|University of California, Berkeley|
|Directory News Site Map Home|
|Jepson eFlora: Taxon page
Key to families | Table of families and genera
Indexes to all accepted names and synonyms:
| A | B | C | D | E | F | G | H | I | J | K | L | M | N | O | P | Q | R | S | T | U | V | W | X | Y | Z |
Annual to tree. Leaf: basal and/or cauline, alternate, opposite, rarely whorled, simple to 2+ × compound. Inflorescence: 1° inflorescence a head, resembling a flower, of several types (see below), 1–many in generally ± cyme-like cluster; each head generally with ± calyx-like involucre of 1–many series of phyllaries (involucral bracts); receptacle of head flat to conic or columnar, paleate (bearing paleae = receptacle bracts) or epaleate; flowers 1–many per head. Flower: bisexual, unisexual, or sterile, ± small, of several types (see below); calyx 0 or modified into ± persistent pappus of bristles, scales, and/or awns; corolla radial or bilateral (0), lobes generally (0)3–5; stamens 4–5, filaments generally free, generally fused to corolla at tube/throat junction, anthers generally fused into cylinder around style, anther base generally rounded or cordate (deeply sagittate or with tail-like appendages), tip (= flattened appendage) generally projecting beyond pollen sac; pistil 1, 2-carpeled, ovary inferior, 1-chambered, 1-seeded, placenta basal, style 1, tip generally ± 2-branched (except in some staminate disk flowers), branch tips truncate or generally bearing ± brush-like appendages; stigmas 2, generally on adaxial faces of style branches. Fruit: achene (also called a cypsela) (drupe in Chrysanthemoides), cylindric to ovoid, sometimes compressed, generally deciduous with pappus attached.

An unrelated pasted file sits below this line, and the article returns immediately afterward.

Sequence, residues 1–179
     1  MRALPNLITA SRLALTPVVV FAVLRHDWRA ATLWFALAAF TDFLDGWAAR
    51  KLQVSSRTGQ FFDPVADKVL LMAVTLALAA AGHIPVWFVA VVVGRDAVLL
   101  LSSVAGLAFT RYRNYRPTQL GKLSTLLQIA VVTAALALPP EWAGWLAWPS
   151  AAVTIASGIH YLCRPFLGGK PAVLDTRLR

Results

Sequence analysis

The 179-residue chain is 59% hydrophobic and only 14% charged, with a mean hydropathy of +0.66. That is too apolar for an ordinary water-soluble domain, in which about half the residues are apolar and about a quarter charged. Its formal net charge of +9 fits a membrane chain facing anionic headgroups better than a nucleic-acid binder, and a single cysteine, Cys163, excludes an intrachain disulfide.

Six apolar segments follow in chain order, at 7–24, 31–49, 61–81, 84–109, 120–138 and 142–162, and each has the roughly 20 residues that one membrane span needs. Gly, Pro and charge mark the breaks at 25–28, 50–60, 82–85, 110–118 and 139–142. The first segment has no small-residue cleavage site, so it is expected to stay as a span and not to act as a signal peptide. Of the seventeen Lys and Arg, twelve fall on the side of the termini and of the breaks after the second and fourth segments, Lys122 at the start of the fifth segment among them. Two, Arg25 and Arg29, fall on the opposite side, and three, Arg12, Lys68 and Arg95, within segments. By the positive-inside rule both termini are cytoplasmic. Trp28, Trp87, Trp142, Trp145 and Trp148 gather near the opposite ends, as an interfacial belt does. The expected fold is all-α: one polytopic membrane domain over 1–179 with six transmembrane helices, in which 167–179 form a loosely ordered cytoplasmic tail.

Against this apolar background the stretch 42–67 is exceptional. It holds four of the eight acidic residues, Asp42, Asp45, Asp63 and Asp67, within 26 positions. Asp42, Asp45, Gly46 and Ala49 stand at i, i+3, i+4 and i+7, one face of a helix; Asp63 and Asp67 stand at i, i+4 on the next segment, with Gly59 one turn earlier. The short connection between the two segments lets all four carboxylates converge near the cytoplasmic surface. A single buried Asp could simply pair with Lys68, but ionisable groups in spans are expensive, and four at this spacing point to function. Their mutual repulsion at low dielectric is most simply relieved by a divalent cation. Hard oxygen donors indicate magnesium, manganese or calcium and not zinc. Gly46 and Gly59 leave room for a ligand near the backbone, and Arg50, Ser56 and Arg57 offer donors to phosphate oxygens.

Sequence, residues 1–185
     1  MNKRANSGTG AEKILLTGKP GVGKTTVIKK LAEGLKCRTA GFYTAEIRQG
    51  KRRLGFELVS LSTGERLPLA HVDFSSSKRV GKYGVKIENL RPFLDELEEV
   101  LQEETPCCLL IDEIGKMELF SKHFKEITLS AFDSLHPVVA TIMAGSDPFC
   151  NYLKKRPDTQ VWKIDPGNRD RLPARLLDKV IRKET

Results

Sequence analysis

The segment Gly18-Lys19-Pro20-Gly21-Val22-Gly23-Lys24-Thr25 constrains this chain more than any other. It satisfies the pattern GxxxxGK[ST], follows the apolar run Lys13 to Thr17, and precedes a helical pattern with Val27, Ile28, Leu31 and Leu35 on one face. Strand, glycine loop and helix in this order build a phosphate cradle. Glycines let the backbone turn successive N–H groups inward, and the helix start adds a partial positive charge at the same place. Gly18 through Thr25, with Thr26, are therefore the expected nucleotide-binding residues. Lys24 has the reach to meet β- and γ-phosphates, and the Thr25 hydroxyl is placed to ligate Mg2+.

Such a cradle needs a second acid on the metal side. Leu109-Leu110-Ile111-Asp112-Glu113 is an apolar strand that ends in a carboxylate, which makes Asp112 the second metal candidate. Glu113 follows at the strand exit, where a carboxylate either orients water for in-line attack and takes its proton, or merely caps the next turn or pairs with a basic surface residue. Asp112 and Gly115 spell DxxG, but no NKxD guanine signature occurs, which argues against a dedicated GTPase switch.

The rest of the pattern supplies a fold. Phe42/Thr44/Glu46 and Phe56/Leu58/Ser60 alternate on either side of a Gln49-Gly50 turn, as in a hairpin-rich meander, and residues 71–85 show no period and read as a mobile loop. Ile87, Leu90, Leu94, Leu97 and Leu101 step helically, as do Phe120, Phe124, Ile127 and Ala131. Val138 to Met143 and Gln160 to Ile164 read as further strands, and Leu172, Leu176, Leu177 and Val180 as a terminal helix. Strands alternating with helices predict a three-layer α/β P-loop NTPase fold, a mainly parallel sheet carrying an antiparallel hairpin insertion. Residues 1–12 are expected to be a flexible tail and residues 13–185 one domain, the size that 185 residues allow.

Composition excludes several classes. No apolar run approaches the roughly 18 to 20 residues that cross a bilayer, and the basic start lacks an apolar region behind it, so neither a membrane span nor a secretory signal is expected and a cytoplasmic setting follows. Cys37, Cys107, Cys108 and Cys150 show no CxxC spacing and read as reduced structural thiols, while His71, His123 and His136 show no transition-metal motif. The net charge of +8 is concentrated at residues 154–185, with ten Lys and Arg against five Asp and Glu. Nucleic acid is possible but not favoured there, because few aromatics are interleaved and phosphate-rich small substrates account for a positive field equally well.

± 1500 genera, 23000 species: worldwide, many habitats. Flower and head types differ in form and sexual condition. A disk flower has a generally radial corolla, with a cylindric tube, expanded throat, and generally 5 lobes. Disk flowers are generally bisexual and fertile but occasionally staminate with reduced ovaries. Discoid heads comprise only disk flowers. A radiant head is a variant of a discoid head, with peripheral disk flower corollas expanded, often bilateral. A ray flower corolla is bilateral, generally with a slender tube and flattened petal-like ray (single lip composed of generally 3 lobes). Ray flowers are generally pistillate or sterile (occasionally lacking styles). Radiate heads have peripheral ray flowers and central disk flowers. Disciform heads superficially resemble discoid heads, with pistillate or sterile flowers that lack rays, together with or separate from disk flowers. A ligulate flower is bisexual, with a bilateral, generally ephemeral corolla and 5-lobed ligule. Liguliflorous heads comprise only ligulate flowers. See glossary p. 31 for illustrations of family characteristics. Echinops sphaerocephalus L., Gaillardia aristata Pursh, Gaillardia pulchella Foug., Hymenothrix loomisii S.F. Blake, Tagetes erecta L., Thelesperma megapotamicum (Spreng.) Kuntze are waifs. Melampodium perfoliatum Kunth, historic urban waif. Ageratum conyzoides L., Guizotia abyssinica (L. f.) Cass., Santolina chamaecyparisus L., orth. var. are rare or uncommon escapes from cultivation. Dyssodia papposa, Ismelia carinata (Schousb.) Sch. Bip. [Chrysanthemum carinatum Schousb.], Mantisalca salmantica (L.) Briq. & Cavill. are historical or extirpated waifs in California. Inula helenium L. not documented in California. Taxa of Aster in TJM (1993) treated here in Almutaster, Eucephalus, Eurybia, Ionactis, Oreostemma, Sericocarpus, Symphyotrichum; Chamomilla in Matricaria; Cnicus in Centaurea; Conyza in Erigeron and Laennecia; Dugaldia in Hymenoxys; Erechtites in Senecio; Hymenoclea in Ambrosia; Lembertia in Monolopia; Osteospermum ecklonis in Dimorphotheca; Picris echioides in Helminthotheca; Prionopsis in Grindelia; Raillardiopsis in Anisocarpus and Carlquistia; Schkuhria multiflora in Bahia; Trimorpha in Erigeron; Venidium in Arctotis; Whitneya in Arnica. Taxa of Arida in TJM2 (2012) treated here in Leucosyris. —Scientific Editors: David J. Keil, Bruce G. Baldwin.